Antheil II: Naked City, 1923

George AntheilSonatas for Violin and Piano (Azica, 2011)

As I was saying

Years after encountering “Ballet Mécanique,” I’ve finally taken the step into exploring some of Antheil’s other music.

And I’ve found something cool: He presaged John Zorn’s radio-jumping idea by a few decades.

I don’t know if Zorn ever heard Antheil, and Zorn’s Naked City certainly put a more extreme and electrifying spin on the idea. But it’s fun to imagine Antheil’s effect on audiences, because while artists like Stravinsky were creating strange and unsettling music, Antheil went downright loony.

I’m talking specifically about the 1923 Sonata No. 2 for violin and piano. In some ways, the 8.5-minute piece is even more subversive than “Ballet Mécanique.” You walk into “Ballet Mécanique” knowing you’re going to witness something large and crazy, but an violin sonata is an innocuous-seeming place.

The sonata presents one jazzy angle after another, sometimes interspersed with more classically “classical” moments.  He’s genre-hops, too, abruptly cutting off an “oriental” theme at one point, and ending the piece with a quiet Arabian motif. It’s a kind of “frequency hopping” — like switching stations on a radio. Except radio hadn’t yet become a household mass medium.

There are no patterns and no recurring themes. There is no sense of direction or evolution, just one event after another in a stream of consciousness that never lets you settle in and get comfortable. Sometimes the piano plays a perfectly straight pop line, while the violin sings something in another key entirely. Sometimes, you get a fistful of low piano notes next to a screeching double-stop on the violin.

Mario Piccinini’s liner notes quote Antheil about upending the average listener by abandoning the normal A-B-A musical form: “Consequentially, this formula: AAAAAAAAAAAAAAAAAAAAAAA makes him uneasy: it throws him into the air.” Yes, it does.

The music is smart-alecky, but that also makes it deeply expressive and creates space for showmanship. Antheil apparently gave the musicians instructions such as “sour,” “sweet,” or “giggled.  One umbrella instruction of “sarcastic” might have sufficed. Mark Fewer (violin) and John Novacek (piano) do sound like they’re having fun playing it.

Sonata No. 1 is less jarring but hardly conventional.  It’s peppered with some Naked City moments (a sudden country hoedown that quickly vanishes, for instance), and the first movement includes lots of passages where the piano or violin hammers away at one note or one strident chord — a mechanical, dehumanized moment that presages the “Ballet Mécanique.” But you do get a sense of thematic construction.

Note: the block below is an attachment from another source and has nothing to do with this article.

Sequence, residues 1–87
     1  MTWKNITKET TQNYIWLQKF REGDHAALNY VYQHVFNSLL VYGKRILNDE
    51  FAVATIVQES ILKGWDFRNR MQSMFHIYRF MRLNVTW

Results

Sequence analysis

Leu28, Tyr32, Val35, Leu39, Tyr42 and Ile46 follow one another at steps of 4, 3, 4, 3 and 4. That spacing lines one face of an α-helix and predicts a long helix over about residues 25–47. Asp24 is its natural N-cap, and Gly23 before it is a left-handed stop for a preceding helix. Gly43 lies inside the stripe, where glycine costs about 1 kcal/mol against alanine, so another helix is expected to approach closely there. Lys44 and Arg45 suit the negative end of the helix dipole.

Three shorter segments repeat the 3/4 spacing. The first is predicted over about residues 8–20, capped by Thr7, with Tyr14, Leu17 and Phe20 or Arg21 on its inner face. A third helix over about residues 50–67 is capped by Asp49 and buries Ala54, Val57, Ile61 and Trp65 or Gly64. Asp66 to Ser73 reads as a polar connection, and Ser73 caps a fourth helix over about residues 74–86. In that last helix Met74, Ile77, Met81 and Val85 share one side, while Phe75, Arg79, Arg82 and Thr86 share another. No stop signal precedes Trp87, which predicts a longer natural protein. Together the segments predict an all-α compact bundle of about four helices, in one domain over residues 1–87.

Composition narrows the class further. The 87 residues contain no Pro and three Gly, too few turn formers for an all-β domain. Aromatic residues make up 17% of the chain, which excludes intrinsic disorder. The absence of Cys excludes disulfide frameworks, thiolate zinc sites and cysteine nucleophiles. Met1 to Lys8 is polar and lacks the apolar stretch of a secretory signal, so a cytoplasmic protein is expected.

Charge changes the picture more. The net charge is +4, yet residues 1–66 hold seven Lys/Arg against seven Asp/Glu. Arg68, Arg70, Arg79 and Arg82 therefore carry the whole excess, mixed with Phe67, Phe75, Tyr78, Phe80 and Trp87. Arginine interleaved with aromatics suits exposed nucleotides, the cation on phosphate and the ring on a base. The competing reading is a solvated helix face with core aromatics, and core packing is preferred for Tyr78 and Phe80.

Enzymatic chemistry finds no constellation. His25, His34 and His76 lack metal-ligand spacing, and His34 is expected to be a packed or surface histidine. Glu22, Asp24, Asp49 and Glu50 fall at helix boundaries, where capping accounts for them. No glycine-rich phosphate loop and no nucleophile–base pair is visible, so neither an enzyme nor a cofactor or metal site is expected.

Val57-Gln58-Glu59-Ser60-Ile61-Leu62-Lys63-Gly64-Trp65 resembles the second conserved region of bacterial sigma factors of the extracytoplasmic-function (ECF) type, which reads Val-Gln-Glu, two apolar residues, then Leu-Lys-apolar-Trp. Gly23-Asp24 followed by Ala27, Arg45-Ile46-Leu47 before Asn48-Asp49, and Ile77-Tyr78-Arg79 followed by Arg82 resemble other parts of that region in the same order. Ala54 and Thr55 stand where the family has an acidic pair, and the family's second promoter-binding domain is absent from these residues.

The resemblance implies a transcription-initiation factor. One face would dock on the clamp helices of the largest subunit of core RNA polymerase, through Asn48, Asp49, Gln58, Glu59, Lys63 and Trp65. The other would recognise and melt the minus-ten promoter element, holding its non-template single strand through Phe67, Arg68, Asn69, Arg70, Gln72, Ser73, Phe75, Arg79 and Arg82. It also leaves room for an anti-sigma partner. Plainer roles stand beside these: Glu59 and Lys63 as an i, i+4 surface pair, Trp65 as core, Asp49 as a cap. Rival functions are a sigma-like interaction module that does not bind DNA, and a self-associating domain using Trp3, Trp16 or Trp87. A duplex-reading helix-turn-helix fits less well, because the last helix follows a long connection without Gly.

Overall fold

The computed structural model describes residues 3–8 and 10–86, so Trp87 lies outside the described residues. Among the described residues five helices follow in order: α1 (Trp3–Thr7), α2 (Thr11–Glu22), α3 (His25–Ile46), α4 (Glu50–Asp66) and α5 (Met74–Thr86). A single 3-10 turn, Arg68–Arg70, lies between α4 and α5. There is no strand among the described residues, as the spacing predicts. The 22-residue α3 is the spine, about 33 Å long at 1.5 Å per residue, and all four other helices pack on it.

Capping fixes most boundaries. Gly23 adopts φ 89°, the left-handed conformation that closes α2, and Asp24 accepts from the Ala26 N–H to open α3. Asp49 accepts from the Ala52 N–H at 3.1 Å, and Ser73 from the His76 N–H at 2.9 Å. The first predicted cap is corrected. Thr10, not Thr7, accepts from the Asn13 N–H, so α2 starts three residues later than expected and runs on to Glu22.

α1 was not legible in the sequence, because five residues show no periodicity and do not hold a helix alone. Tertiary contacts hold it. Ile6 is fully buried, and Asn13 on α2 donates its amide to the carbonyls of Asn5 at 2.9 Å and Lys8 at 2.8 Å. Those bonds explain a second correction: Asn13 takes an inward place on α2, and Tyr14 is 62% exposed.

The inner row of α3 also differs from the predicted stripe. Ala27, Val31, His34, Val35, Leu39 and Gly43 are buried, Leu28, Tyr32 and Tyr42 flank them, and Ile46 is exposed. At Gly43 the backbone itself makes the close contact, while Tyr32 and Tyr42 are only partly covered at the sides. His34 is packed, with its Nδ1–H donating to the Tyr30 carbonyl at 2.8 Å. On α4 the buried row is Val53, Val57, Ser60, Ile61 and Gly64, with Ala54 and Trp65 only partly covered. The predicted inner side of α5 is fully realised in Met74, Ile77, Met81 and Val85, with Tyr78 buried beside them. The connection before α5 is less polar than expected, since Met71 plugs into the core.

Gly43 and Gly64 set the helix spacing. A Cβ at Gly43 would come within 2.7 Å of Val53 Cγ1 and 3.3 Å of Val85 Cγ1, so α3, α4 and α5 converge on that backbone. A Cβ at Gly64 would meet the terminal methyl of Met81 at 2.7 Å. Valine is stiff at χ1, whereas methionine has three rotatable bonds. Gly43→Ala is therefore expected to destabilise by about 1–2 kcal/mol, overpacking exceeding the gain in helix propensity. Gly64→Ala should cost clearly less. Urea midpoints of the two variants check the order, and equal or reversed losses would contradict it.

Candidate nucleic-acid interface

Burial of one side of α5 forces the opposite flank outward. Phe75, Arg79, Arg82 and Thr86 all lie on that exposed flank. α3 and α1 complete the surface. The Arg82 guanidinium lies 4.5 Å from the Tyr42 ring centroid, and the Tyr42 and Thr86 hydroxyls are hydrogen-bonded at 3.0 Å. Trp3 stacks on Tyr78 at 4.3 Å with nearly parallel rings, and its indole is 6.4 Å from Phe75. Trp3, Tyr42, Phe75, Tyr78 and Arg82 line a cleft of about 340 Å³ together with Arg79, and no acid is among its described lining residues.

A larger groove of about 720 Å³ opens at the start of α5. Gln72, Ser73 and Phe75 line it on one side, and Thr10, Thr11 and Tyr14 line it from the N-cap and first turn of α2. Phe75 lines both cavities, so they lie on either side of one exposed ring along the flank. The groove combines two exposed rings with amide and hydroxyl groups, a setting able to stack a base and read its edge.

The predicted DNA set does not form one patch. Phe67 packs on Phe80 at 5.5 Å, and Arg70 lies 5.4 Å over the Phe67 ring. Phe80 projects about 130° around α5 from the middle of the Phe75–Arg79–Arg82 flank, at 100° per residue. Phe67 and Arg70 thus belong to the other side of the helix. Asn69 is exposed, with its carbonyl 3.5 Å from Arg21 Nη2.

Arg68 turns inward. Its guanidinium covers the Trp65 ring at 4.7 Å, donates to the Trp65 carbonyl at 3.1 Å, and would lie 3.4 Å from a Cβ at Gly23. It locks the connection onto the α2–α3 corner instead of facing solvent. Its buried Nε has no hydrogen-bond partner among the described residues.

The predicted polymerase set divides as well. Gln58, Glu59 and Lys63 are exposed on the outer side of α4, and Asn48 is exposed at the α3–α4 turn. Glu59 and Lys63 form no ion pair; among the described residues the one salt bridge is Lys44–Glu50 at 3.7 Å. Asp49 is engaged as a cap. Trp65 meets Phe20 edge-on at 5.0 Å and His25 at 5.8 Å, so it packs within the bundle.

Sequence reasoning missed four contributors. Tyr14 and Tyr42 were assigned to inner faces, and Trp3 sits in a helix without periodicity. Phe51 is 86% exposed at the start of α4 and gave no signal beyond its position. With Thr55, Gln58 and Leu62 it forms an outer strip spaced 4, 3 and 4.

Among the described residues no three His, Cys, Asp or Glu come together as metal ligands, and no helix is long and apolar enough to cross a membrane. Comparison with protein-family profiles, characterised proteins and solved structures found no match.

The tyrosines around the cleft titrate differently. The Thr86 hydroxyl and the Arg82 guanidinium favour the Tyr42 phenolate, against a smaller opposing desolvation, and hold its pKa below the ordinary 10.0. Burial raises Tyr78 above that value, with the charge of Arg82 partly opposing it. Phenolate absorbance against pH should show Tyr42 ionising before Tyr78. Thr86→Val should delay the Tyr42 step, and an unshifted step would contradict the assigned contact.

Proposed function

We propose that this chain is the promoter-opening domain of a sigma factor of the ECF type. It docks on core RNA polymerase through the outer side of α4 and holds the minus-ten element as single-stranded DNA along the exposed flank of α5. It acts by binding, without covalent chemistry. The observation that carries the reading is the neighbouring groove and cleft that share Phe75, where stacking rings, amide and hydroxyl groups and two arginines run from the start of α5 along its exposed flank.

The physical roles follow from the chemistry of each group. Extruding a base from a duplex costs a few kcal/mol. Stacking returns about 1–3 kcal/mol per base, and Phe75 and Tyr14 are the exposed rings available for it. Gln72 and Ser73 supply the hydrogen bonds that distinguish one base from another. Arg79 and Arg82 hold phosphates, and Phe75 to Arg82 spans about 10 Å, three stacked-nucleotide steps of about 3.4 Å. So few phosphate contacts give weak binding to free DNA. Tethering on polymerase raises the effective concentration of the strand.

Sonata No. 1 has its friendly moments, to be sure, but there’s an overall sternness. And yet it’s delivered with that same smirk as Sonata No. 2. One passage has the violin caught in highly dramatic throes while the pianist plays the lowest and highest registers at the same time.

The fifth movement closes the sonata some impressive fast playing — Fewer on violin, particularly, has to spit out fast, accurate mumbles with a feathery bow touch. Then, at one dramatic point, Antheil delivers one false ending after another. Classical music does that — you should see Hugh Fink, a violin-playing standup comedian, do his bit about it — but Antheil outright toys with you, nearly ending the piece again and again and again and again. And again. And. Again. I like to think he was playing for laughs.

This whole act didn’t last much longer for Antheil, though.

“Ballet Mécanique” got a disastrous reception in New York, possibly caused by the massive overhype that preceded the premiere, author Richard Rhodes surmises in Hedy’s Folly. Antheil was crushed, and maybe because of that — or maybe because of the years he spent on movie soundtracks — his later works took a more conventional voice.

His “New Second Violin Sonata,” here titled “Sonata No. 4 (2),” retains touches of Antheil’s sarcasm and even some allusions to popular music. But overall, the 1948 piece is more “serious classical,” full of modern-sounding harmonies. Cadences and moods stick around for a while, and the quiet parts have a delicacy that was rarer in Antheil’s earlier works. “Sonata No. 4 (2)” is a lot less radical, and for that reason, I want to think of it as a lesser achievement — but the truth is, it’s more listenable (if less fun) than Sonata No. 2.

Elsewhere among recent Antheil releases is a CD of his complete string quartet works, performed by the Bay Area-based Del Sol String Quartet. It’s got the same dichotomy of early and later pieces, and while it’s hard for a string quartet to sound as absurd as a piano can, I’d expect the earlier pieces to have the same kind of adventure to them.